Bigfoot: Why Ohio?
Jay, Ohio Bigfoot Group Founder
We are Ohio Bigfoot, our coverage area is southwest Ohio.. but in order to better understand Sasquatches in Ohio, let's explore what the Buckeye State has to offer as a whole.
Depending on what reporting body (or bodies) you check, Ohio ranks anywhere from 3rd to 7th in the nation in reported Bigfoot sightings. Until there is an official Sasquatch Census in the US, we will never know for sure where this state actually stands in that ranking but the question we can explore is "Why?" So...why Ohio?
The theory has been introduced and holds some credibility that states with higher annual precipitation have an increased amount of reported Sasquatch activity.
This does not mean that states that do not boast a lot of annual rain are void of Sasquatch sightings, but it can not be disputed that areas of greater rainfall have more.
(Is it merely coincidence that Bigfoot sightings seem to coincide with annual precipitation when you look at a rainfall map (above) with a map of US Bigfoot sightings (below)?
You be the judge!)
Ohio sits about average for the eastern United States if you use the above precipitation map as a guideline. Back to Ohio...
Using the precipitation guidelines, then the same should hold true for reports specifically in Ohio. Oddly enough it does, seeing the annual rainfall, one would figure that northwest Ohio should not get as many reports as southeast Ohio and this holds true. It is especially exciting for us at Ohio Bigfoot because this map says that Brown and Clermont Counties would be among the highest in the state. During the duration of our research we have discovered that, as far as reports coming into us, Brown County does have significantly more reports in our area.
It's simply not enough to receive enough rainfall each year, of course other things have to be present. As anyone who lives in Ohio knows there is plenty of food sources that a Sasquatch could potentially use. Obviously we are speculating as to what Sasquatches may eat because we have never observed them for long enough to get a 100% factual diet... but Sasquatches could easily consume deer, turkey, rabbits, squirrel, and other game animals. Corn readily grows in Ohio as does soybeans, there are orchards, and countless wild edibles as well... not to mention many places to scavenge our leftovers.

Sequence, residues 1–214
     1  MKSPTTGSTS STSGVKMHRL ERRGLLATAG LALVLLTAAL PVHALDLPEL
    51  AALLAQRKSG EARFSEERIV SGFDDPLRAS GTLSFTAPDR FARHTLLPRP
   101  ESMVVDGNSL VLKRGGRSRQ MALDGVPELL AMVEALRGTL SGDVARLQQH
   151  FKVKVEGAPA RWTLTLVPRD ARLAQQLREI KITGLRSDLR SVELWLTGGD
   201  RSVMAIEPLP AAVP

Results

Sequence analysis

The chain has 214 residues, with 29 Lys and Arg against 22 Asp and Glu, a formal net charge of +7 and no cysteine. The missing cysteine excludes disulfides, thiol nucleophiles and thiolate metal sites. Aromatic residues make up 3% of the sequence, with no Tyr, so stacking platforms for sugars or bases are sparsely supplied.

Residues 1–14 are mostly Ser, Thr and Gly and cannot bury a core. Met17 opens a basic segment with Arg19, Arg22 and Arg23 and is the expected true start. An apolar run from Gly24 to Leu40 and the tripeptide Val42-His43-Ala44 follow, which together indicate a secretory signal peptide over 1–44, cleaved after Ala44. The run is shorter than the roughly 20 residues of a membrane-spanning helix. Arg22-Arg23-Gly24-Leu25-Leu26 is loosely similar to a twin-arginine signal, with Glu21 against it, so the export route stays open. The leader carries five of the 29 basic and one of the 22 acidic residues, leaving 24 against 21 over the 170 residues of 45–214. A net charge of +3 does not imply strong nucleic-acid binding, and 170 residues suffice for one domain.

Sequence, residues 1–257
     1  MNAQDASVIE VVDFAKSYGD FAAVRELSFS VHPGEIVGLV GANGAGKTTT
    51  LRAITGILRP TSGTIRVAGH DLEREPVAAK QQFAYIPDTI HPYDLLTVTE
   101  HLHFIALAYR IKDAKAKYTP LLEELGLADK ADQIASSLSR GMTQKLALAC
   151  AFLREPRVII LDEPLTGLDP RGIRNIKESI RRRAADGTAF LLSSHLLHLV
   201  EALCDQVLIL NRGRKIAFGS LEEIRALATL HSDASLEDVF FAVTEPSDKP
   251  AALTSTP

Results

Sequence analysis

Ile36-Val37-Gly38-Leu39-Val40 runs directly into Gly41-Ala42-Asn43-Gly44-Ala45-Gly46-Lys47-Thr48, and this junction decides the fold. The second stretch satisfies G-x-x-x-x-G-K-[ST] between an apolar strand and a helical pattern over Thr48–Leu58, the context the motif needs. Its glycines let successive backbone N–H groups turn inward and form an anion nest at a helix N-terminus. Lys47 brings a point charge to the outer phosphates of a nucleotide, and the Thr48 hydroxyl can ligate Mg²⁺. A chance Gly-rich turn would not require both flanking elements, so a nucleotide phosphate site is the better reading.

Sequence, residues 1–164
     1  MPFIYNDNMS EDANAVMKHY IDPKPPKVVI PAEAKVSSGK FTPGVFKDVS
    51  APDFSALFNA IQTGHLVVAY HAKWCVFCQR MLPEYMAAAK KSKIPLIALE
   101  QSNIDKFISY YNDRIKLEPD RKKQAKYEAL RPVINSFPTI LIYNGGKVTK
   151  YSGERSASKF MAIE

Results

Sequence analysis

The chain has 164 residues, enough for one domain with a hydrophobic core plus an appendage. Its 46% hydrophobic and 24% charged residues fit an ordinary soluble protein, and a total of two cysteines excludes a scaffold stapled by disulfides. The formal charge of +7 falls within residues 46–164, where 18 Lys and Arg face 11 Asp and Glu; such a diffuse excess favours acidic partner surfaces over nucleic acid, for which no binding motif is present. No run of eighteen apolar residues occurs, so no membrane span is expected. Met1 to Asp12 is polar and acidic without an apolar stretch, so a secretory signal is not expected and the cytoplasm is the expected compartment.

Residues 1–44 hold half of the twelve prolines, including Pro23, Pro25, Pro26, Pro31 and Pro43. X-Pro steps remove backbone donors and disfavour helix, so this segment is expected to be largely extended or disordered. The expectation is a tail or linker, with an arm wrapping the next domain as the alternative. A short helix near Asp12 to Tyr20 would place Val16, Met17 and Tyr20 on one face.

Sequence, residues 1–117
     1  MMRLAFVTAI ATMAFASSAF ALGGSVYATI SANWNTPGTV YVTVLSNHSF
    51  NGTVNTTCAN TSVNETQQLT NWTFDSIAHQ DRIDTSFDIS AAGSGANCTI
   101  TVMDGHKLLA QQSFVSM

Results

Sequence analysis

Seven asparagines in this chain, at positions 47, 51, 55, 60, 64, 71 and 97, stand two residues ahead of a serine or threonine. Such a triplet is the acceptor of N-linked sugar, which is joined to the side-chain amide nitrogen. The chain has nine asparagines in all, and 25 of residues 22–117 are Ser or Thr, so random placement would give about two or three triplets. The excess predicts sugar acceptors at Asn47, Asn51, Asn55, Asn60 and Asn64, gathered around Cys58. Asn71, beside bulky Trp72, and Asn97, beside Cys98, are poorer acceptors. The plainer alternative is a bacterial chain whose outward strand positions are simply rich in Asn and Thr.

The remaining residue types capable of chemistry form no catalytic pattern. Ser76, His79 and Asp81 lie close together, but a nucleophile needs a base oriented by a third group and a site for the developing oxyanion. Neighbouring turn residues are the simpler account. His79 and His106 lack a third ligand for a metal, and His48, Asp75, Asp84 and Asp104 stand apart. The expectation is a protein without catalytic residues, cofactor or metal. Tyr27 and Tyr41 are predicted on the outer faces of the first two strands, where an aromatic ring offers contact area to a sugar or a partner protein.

What else may keep a breeding population of Bigfoots in Ohio?
How about the people population?
People may live in all areas of Ohio but as you can see, people are mostly lumped in or around major cities like Cleveland, Columbus, Cincinnati, Toledo, Akron, Dayton, Youngstown, etc. These areas also have fewer Sasquatch sightings (again, this is not to say they don't have any, just fewer than more rural areas).
So far we have food, rain, and fewer people. It's starting to sound good to be a Sasquatch in Ohio. What else would we need? Water!
There is little question that a lot of Sasquatch encounters happen around waterbodies. The above map is just of the major rivers and creeks in Ohio... now mind you this is just the major lakes, rivers, and creeks. This map does not show the small creeks, ponds, lakes, etc. spread throughout Ohio. So, while a high average annual precipitation rate is good... having somewhere for it to collect and flow is excellent.
Ohio's terrain could be another pointing factor. As you can see, the further south and east you go, the more deeply wooded Ohio becomes. No doubt Sasquatches are reported mostly in heavily wooded areas and in Ohio, there is plenty.
So what do we get from all this? It's very easy to speculate that Bigfoots like rain, food, few people, water, and cover. Is it just irony that the southeastern portion of Ohio is the best combination of these things and the highest reporting area in Ohio?
Again, this is not to say that Sasquatches aren't reported all over the state, so no matter where in Ohio you may be you very well could catch a glimpse of one so this is not to discourage someone who lives in northwestern Ohio from searching by any means. This is simply to attempt to use speculation in conjunction with science to pinpoint areas where more activity may take place due to ideal conditions and possibly give us all a better idea of where to continue the search.